Between 1847 and 1874 approximately 142,000 Chinese indentured laborers, commonly known as coolies, migrated to Cuba to work primarily on sugar plantations following the demise of African slavery. Comprised of 99.97% males and contracted to work for eight years or more, many of those coolies that survived the harsh conditions in Cuba formed consensual unions with freed and enslaved women of color. These intimate connections between Chinese indentures and Cubans of African descent developed not only because they shared the same living and working spaces, but also because they occupied similar sociocultural, political, and economic spheres in colonial society.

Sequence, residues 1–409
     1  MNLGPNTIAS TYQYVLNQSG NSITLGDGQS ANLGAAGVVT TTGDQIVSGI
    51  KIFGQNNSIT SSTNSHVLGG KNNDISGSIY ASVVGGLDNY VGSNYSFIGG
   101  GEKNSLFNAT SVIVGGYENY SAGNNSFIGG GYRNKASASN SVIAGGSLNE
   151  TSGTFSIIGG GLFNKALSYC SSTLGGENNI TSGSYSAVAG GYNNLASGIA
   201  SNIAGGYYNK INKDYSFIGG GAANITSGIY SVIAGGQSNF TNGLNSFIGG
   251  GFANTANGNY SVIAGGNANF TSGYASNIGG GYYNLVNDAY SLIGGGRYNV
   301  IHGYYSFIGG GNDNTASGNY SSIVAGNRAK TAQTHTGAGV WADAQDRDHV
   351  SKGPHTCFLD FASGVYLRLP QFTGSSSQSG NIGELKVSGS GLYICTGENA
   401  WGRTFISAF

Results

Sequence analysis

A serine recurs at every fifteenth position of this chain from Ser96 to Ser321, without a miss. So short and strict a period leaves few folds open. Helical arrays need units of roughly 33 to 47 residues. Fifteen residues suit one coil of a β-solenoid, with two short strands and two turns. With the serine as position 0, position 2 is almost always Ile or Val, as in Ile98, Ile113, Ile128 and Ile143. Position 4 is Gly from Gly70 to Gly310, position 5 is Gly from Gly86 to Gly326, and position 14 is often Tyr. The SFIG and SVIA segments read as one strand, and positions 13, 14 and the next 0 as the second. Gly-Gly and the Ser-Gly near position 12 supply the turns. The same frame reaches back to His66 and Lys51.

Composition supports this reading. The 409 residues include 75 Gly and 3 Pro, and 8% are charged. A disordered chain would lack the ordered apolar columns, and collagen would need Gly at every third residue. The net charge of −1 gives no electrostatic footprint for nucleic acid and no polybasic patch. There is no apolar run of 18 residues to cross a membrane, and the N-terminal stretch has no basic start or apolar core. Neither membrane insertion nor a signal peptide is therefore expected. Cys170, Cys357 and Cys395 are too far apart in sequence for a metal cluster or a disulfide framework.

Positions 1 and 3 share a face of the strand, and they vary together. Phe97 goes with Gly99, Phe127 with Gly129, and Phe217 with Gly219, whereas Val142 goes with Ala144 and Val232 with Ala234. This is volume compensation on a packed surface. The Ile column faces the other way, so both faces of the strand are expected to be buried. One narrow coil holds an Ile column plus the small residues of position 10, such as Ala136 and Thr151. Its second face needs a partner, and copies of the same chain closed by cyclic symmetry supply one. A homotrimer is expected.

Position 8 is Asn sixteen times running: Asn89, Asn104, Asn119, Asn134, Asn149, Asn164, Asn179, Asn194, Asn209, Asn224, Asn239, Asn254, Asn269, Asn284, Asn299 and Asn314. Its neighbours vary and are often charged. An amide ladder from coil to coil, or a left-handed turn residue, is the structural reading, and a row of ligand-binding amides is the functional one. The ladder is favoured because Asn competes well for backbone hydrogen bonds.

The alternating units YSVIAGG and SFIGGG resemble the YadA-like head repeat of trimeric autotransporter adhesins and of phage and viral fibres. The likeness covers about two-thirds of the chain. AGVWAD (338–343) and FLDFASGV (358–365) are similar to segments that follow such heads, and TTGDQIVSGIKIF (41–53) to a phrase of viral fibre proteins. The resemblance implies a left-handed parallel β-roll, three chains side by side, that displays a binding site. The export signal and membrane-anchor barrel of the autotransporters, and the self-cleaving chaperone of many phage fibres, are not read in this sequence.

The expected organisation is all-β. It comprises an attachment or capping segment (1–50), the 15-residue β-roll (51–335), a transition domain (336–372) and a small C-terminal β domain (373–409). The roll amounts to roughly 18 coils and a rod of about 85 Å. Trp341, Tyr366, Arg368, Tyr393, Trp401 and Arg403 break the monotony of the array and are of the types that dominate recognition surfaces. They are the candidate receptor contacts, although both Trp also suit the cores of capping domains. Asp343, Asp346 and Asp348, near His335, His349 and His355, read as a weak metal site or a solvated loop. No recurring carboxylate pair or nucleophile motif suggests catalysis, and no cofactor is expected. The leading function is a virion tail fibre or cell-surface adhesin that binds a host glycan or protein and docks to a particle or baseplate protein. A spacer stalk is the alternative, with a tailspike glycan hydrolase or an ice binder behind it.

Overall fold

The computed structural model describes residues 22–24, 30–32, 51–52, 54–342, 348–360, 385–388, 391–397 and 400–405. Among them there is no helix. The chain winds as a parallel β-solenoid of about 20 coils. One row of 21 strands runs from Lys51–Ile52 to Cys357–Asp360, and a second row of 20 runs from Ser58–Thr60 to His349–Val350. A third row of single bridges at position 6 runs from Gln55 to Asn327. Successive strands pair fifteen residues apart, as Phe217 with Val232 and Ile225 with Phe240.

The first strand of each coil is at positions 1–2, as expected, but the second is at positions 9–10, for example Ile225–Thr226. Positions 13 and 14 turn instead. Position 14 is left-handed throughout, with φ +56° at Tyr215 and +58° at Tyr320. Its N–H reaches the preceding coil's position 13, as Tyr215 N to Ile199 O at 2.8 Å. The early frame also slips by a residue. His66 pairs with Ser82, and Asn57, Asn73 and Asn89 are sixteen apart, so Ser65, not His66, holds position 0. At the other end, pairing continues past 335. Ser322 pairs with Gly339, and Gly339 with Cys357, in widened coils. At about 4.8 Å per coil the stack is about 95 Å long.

This ethnography investigates the rise of a discernible Afro-Chinese religiosity that emerged from the coming together of these two diasporic groups. The Lukumi religion, often described as being a syncretism between African and European elements, contains impressive articulations of Chinese and Afro-Chinese influences, particularly in the realm of material culture. On the basis of qualitative research that I conducted among Chinese and Afro-Chinese Lukumi practitioners in Cuba, this dissertation documents the development of syncretism and discursive religious practice between African and Chinese diasporas. I conceptualize a framework of interdiasporic cross-fertilization and, in so doing, disassemble Cuba’s racial and religious categories, which support a notion of “Cubanidad” that renders Chinese subjectivity invisible. I argue that Afro-Chinese religiosity became a space for a positive association that I call “Sinalidad”. I also argue that this religiosity has been elaborated upon largely because of transformations in Cuba’s social and economic landscape that began during Cuba’s Special Period. Thus, the dissertation uses religious practice as a lens through which I shed light upon another dimension of identity making, transnationalism and the political economy of tourism on the island.